Workers Party of Turkey
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Workers Party of Turkey (Türkiye İşçi Partisi) was a Turkish political party, founded in 1961. It became the first socialist party in Turkey to win representation in the national parliament. It was banned twice (after the military coups of 1971 and 1980) and eventually merged with the Communist Party of Turkey in 1987.
TİP was founded by a group of labour union members. After a year of inactivity, the founders invited Marxist lawyer Mehmet Ali Aybar to assume the leadership of the party. Following Aybar, several other Marxist intellectuals also joined the ranks and the party soon adopted a Marxist programme.
The party's breakthrough came in the 1965 general election when it got 3% of the votes in the national elections and won 15 seats in the parliament. TİP deputies' highly publicized active participation in parliamentary sessions contributed to a radicalisation of the political scene in the country. By 1967-68, militant left-wing student organizations and labour unions were formed.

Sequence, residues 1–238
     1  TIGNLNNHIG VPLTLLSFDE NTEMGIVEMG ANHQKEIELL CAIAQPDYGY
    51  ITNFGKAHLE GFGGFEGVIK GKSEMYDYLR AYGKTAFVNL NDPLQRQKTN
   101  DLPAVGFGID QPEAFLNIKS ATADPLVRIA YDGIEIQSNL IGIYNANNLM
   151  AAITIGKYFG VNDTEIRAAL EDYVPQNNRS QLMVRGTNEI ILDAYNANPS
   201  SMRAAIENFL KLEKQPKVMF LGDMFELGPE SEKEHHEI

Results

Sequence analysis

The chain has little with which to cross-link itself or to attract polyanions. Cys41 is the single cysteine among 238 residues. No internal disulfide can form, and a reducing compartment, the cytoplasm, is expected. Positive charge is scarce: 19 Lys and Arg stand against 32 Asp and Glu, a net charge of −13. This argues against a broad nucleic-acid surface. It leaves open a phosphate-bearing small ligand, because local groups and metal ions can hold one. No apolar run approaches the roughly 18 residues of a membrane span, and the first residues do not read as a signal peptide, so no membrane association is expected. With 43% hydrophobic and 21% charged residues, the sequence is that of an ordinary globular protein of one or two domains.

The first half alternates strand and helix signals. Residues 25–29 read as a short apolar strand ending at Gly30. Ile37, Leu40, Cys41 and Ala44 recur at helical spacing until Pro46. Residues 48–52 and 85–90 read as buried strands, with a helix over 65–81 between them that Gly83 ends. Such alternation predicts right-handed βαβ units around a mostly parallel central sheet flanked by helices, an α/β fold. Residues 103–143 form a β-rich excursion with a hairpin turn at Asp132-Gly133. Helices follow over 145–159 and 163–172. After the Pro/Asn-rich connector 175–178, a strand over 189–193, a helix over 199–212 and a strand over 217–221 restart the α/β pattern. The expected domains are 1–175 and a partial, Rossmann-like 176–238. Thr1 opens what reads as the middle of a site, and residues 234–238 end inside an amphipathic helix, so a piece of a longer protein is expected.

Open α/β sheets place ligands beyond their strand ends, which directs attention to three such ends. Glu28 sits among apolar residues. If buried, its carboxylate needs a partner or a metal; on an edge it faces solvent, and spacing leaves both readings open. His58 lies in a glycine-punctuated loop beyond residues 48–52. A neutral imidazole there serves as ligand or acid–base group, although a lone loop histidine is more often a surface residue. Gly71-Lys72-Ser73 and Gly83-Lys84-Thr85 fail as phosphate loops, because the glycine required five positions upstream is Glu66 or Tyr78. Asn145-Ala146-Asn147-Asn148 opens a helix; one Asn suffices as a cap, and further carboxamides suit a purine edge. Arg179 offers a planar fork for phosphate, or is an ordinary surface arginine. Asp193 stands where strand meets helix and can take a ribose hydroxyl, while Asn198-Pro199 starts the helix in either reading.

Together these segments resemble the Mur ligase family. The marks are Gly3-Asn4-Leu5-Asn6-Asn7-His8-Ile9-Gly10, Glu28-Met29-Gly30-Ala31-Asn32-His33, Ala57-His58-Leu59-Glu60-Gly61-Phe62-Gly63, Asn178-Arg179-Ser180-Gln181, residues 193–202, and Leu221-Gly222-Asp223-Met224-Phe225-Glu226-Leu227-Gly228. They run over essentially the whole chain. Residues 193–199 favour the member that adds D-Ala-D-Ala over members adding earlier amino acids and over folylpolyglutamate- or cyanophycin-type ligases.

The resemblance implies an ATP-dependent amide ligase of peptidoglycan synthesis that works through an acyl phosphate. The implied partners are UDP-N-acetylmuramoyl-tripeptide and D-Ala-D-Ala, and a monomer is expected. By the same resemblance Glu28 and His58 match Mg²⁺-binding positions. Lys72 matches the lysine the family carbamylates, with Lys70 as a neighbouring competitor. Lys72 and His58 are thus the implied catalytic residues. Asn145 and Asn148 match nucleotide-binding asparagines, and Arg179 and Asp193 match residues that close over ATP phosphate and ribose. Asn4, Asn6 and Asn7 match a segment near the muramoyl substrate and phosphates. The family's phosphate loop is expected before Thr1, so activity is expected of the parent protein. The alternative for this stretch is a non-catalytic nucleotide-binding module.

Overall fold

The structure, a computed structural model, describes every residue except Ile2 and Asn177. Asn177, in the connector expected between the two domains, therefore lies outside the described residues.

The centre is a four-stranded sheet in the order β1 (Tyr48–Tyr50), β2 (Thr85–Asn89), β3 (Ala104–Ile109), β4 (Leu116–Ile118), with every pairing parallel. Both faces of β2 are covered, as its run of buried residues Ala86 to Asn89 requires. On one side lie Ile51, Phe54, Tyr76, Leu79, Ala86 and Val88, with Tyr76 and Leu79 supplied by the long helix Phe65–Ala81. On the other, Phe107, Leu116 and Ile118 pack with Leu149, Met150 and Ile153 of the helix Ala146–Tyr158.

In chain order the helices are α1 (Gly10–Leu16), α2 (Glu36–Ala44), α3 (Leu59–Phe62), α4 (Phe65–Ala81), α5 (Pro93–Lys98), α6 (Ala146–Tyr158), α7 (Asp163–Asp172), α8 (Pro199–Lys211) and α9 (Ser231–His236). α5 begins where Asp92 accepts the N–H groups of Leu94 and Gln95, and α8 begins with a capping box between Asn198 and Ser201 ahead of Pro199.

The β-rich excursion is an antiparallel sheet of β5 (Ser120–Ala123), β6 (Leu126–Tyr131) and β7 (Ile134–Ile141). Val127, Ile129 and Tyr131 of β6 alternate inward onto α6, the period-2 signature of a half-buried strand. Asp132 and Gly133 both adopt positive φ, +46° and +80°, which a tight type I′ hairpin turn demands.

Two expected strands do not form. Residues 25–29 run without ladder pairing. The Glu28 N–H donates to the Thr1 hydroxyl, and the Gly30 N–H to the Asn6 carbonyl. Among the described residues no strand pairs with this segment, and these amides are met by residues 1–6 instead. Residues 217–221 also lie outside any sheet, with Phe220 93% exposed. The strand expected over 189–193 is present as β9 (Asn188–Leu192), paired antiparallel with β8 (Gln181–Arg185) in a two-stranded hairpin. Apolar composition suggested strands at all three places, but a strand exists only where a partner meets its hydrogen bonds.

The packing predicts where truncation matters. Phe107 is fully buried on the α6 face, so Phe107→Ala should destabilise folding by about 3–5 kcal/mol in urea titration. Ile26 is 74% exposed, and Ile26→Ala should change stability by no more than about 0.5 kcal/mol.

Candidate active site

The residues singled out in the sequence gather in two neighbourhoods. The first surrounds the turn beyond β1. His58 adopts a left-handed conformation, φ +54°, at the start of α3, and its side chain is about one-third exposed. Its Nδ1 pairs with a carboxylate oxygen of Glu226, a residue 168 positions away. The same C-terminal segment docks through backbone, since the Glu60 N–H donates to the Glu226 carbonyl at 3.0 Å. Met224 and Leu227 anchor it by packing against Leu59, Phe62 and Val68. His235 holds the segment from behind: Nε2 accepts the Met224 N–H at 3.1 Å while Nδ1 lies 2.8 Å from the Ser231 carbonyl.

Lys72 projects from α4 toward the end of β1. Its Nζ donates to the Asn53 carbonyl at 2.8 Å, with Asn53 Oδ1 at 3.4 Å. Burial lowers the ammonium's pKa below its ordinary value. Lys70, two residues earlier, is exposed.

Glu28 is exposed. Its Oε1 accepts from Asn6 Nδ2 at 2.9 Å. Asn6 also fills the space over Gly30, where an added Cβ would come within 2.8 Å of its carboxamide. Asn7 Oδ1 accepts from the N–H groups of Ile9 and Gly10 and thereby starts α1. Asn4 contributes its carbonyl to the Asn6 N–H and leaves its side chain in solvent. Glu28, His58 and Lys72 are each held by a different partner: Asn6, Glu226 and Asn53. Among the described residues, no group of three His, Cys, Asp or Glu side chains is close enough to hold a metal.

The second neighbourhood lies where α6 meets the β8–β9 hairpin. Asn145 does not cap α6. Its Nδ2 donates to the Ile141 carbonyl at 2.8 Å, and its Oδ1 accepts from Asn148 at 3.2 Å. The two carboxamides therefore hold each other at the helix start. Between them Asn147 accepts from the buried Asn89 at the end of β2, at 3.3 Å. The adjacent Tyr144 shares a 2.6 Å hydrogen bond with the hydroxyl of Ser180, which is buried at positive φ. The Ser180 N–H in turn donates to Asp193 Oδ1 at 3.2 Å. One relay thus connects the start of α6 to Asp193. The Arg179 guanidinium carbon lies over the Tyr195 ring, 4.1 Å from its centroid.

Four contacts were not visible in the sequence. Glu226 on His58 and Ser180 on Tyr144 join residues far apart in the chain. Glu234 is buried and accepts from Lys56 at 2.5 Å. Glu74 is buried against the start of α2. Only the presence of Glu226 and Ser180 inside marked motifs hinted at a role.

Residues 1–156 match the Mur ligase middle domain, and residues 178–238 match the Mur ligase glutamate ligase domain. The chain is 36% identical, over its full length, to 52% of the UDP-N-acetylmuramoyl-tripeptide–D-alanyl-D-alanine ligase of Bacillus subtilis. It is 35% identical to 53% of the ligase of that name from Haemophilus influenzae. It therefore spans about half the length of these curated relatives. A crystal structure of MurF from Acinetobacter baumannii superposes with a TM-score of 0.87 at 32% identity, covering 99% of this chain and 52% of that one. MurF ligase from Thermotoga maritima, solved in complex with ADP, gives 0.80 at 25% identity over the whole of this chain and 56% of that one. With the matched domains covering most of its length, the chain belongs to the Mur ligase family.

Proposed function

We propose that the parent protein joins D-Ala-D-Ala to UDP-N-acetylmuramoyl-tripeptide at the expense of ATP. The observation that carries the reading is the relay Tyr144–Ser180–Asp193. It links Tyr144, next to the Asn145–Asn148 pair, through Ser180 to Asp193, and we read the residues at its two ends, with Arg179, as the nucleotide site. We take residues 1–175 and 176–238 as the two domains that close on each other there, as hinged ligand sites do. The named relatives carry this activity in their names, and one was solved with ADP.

In 1968, after the Soviet invasion of Czechoslovakia, Aybar adopted a rhetoric hostile to Soviet Communism. However, when TİP failed to increase its votes in the 1969 general election, Aybar had to resign from the party leadership and Marxist sociologist Behice Boran, who had opposed Aybar's anti-Soviet stand, was elected as party leader in 1970.
TİP was banned after the military coup of 1971 and Boran, together with other senior TİP leaders, arrested and sentenced to 15 years imprisonment. They were released following an amnesty in 1974 and re-established TİP the next year. In 1978 the Bahçelievler massacre saw seven student members of the TIP killed in Ankara by ultranationalists.
TİP was once again banned after the military coup in 1980. This time, Boran went to exile in Europe and the party continued to operate clandestinely. In 1987, it merged with the Communist Party of Turkey to form the United Communist Party of Turkey in Brussels.
- Liza M. Nell (2008). "The Shadow of Homeland Politics: Understanding the Evolution of the Turkish Radical Left in the Netherlands". REMİ 24 (2). Retrieved 3 February 2016.
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